Overwatch, the Esports League ends up in the government's crosshairs

Overwatch, the Esports League ends up in the government's crosshairs


Blizzard is in the eye of the storm for the Overwatch franchise. First the criticisms from fans for the new chapter of the series and now the more serious matter, namely the US government and that open investigation into the Esport League of the title of the developer and publisher of Irvine. True, it may seem absurd for the police to investigate a competition of this kind but there is a very specific reason: the salary cap, which apparently would not be respected and would be considered too soft by the competent authorities.

Let's go in order: in the United States, several sports are required, by law, to have a salary cap. At the moment in the US this system is mandatory for the NHL, NFL, NBA and minor leagues of various sports and it is precisely on this point that the whole case we are talking about today is about. If it is true that Overwatch is a worldwide success in terms of sales and fan base, in reality at the level of real sport it should fall into the minor leagues. And the entire League should therefore be subject to the salary cap, which according to the antitrust is not applied following the regulations in force.

At the moment the situation is obviously in the making and it is unlikely that there will be a stop to the Overwatch League. What we do know is that the US Department of Justice has begun to hear from some former and current employees of Blizzard, as well as the publisher and developer himself. We don't know how it will all work out but at the moment, if there were any violations, Irvine would most likely get a pretty big fine.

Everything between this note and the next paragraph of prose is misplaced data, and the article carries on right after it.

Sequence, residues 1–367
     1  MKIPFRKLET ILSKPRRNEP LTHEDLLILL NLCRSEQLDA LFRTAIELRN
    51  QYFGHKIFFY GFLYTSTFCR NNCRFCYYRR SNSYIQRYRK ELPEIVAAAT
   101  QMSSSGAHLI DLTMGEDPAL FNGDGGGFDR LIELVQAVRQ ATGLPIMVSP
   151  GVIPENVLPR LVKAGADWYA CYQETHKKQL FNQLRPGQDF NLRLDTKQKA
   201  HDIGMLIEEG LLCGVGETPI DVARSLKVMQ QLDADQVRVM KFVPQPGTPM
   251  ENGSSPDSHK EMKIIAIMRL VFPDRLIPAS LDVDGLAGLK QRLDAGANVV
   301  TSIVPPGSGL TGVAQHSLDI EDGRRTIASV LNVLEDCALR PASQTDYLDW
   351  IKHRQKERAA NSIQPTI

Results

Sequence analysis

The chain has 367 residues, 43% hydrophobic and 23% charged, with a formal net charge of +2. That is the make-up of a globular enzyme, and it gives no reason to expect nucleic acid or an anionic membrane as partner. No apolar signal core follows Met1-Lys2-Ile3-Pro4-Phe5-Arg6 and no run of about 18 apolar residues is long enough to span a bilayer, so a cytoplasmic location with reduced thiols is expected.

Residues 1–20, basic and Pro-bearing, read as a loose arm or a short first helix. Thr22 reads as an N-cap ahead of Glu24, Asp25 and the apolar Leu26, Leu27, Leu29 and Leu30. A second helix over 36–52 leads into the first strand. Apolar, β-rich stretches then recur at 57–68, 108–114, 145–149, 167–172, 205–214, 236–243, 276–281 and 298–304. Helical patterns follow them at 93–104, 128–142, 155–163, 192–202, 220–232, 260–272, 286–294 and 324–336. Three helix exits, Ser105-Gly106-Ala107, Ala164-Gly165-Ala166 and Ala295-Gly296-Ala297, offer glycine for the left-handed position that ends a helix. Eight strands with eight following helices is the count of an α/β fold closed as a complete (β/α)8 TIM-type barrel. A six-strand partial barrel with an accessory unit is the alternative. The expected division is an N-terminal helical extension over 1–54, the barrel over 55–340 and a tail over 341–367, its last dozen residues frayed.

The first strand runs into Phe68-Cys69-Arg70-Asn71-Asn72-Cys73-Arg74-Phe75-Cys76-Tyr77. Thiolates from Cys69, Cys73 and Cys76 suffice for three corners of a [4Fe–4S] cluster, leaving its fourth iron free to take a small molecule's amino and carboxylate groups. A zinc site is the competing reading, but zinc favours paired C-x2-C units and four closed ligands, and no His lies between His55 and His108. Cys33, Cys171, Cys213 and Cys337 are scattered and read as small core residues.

The Overwatch League, as mentioned above, will go ahead anyway. The intervention of the US government, however, suggests that a global regulation of exports is necessarily needed. To avoid even intricate and thorny situations like this one.

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Department of Justice opens inquiry into Overwatch League

The Department of Justice is reportedly looking into a potential antitrust violation tied to Activision Blizzard's Overwatch League.

Why it matters: The growing world of esports had largely avoided the scrutiny of U.S. officials.

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Driving the news: The inquiry was first reported by Dot Esports, which says the DOJ is looking into the league's unpublicized 'soft salary cap.' Such caps limit how much teams can pay their players without facing financial penalties.

  • The three-year-old Overwatch League features franchised teams of players from the U.S., South Korea and elsewhere that compete in six-v-six virtual shootouts with 'Overwatch's' colorful sci-fi characters.

  • According to Dot Esports: 'At the center of [the] inquiry is the lack of a players’ union, which would allow the Overwatch League to apply for a 'nonstatutory labor exemption.' That status has been granted to the NFL, NBA, and other pro sports leagues who have labor unions.'

  • What they're saying: 'We have received an inquiry from the Department of Justice and are cooperating accordingly,' an Activision Blizzard spokesperson told Axios.

  • They continued: 'We deliver epic entertainment to our fans and support our players and teams in producing the most competitive and enjoyable esports leagues in the world.'

  • A spokesperson for the DOJ declined to comment.

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